Two Types of Autoignition and Their Engine Applications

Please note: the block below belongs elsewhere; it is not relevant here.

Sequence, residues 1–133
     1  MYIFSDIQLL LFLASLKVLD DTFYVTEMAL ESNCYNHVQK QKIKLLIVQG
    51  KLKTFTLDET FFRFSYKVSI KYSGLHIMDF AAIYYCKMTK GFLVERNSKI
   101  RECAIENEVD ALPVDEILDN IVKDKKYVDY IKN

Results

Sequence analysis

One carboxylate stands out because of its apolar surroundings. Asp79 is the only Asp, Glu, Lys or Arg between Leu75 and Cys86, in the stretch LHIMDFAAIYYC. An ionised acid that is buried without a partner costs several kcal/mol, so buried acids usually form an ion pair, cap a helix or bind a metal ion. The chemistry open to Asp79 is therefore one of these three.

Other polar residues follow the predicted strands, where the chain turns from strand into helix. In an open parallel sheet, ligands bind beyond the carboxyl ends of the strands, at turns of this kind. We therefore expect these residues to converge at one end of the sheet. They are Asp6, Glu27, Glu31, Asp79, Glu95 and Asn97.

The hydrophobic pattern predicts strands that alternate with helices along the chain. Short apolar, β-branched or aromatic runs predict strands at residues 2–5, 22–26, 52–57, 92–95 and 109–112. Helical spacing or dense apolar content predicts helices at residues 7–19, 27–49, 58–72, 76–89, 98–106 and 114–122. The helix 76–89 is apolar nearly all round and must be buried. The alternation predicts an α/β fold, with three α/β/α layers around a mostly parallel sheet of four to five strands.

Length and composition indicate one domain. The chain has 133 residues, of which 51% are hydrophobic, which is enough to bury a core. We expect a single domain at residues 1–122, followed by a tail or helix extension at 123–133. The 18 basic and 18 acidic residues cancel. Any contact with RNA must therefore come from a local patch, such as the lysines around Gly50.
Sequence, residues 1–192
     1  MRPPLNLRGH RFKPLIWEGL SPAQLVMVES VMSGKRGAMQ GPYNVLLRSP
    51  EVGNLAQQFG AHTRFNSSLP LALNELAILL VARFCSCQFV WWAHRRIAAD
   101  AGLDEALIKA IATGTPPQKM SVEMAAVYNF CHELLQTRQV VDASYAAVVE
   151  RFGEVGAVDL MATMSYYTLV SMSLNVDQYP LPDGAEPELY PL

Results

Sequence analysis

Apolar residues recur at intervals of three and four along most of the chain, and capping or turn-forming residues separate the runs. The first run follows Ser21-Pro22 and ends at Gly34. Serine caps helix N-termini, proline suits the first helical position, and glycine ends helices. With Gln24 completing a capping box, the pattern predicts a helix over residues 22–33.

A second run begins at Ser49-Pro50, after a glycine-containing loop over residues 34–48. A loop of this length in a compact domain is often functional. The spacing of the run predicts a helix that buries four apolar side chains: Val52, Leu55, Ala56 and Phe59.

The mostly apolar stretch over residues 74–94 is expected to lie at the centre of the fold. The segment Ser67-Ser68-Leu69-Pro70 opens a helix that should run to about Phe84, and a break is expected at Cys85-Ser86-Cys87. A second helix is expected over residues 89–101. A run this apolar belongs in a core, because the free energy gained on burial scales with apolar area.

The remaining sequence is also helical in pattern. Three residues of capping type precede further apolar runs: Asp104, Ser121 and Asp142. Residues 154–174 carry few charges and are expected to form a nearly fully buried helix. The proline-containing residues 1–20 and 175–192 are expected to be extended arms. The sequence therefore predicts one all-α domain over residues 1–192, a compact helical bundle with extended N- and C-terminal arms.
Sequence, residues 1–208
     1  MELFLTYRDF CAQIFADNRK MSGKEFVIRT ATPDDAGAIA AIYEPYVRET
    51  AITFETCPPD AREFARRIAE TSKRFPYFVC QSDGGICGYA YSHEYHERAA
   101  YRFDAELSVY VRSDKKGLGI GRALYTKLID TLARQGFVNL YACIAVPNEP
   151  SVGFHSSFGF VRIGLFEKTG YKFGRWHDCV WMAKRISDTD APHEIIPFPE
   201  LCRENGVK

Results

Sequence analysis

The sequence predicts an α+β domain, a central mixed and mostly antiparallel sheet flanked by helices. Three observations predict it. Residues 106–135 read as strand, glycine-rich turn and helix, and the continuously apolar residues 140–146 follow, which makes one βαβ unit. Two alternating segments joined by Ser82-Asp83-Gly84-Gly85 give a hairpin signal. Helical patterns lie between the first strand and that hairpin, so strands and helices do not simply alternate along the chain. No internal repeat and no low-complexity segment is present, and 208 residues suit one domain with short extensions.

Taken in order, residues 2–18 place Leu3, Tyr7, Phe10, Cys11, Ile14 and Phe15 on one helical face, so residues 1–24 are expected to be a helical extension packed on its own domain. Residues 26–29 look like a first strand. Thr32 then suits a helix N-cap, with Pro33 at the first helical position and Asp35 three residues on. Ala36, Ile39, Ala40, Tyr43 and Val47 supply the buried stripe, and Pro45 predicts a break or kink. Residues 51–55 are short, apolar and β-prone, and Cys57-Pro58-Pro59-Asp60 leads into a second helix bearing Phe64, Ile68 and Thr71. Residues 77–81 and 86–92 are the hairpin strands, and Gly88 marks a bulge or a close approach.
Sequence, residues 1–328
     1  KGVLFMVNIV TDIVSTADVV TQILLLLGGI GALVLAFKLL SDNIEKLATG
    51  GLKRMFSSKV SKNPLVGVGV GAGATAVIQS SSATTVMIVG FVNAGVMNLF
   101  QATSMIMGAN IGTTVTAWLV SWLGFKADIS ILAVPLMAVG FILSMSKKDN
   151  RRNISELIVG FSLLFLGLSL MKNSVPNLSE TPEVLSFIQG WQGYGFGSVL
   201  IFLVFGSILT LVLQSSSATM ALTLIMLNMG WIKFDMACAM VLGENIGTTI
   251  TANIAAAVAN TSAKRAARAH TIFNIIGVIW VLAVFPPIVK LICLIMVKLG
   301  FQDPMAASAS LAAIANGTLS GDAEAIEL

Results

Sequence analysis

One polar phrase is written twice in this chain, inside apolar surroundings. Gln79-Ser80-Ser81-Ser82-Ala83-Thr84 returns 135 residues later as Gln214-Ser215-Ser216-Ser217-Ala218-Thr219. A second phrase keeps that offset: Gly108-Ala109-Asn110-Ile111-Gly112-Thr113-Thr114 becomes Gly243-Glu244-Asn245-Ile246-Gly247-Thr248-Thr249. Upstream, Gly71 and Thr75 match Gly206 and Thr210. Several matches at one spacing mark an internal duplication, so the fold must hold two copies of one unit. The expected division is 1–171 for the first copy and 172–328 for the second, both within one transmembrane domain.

The generally accepted explanation of autoignition in engines is that the reactivity is driven by temperature, where autoignition occurs after the mixture has reached some critical temperature (approx. 1000 K) by a combination of self-heating due to preignition reactions and compression heating due to piston motion and flame propagation. During the course of our investigations into autoignition processes and homogeneous charge compression ignition we have observed some ignitions that begin at much lower temperature (< 550 K). In this paper we describe these observations, our attempts to investigate their origins, and an alternative explanation that proposes that traditional models may be missing the chemistry that explains this behavior. Finally, applications of lower temperature chemical reactions are discussed.